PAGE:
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post #1 of 11 Old 07-09-2007 Thread Starter
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Yacht Ownership.

Has anyone ever did sailboat ownership through a chartering company like:

http://nauticblue.com

They maintain that when you purchase a boat it will cover the cost of the mortgage of your boat and some as if it was an actual investment.

Anyone done this ? Is it possible to at least cover the cost of your mortgage through one of these programs. Has anyone ever made money on one of these programs. Or is it just another timeshare program.

Does anyone know of some reputable companies.
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post #2 of 11 Old 07-09-2007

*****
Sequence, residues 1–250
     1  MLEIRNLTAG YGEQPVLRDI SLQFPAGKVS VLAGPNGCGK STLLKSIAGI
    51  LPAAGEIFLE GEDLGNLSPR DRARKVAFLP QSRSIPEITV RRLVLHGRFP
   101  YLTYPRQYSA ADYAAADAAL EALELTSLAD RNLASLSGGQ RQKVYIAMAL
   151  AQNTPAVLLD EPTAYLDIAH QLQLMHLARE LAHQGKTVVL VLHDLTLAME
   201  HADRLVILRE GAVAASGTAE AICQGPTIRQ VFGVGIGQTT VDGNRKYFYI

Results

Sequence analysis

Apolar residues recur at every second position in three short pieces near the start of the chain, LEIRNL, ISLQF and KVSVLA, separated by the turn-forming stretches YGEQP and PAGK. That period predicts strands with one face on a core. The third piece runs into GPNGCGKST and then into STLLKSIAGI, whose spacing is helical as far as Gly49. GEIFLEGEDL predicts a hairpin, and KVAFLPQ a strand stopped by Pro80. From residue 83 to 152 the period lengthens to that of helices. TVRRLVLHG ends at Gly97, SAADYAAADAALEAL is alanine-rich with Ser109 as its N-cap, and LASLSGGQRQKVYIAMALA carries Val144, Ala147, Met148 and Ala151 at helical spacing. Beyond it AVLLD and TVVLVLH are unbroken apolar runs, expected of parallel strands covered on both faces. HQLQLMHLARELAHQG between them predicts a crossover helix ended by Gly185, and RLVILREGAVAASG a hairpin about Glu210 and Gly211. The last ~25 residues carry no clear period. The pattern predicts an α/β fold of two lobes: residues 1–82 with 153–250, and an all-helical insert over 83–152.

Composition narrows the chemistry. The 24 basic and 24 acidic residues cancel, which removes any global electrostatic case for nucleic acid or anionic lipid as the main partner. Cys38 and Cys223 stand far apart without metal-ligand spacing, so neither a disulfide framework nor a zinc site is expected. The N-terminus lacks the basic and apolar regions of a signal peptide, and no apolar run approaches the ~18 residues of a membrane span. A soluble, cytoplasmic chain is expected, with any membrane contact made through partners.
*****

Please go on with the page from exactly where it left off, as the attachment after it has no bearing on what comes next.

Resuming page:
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There's a broker/charter club near us that advertises this kinda thing; they say if you purchase a new Dufour 34 and put it in the charter pool, they guarantee all of your expensive will be covered for the first 5 years, including your mortgage (up to $500 per month), moorage, maintenance, etc. They even wash and wax it on a regular basis. They only downside I see is usage, but if you are willing to just sail mid week and give them every weekend, then you'll come out ahead. They also sell used boats, like Catalina 25's, that you can purchase and leave in the charter system to help offset costs. Also....if your boat is out for the day, you can use any boat at the dock, big or small, (for about 1/2 off the regular charter rates)
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post #3 of 11 Old 07-09-2007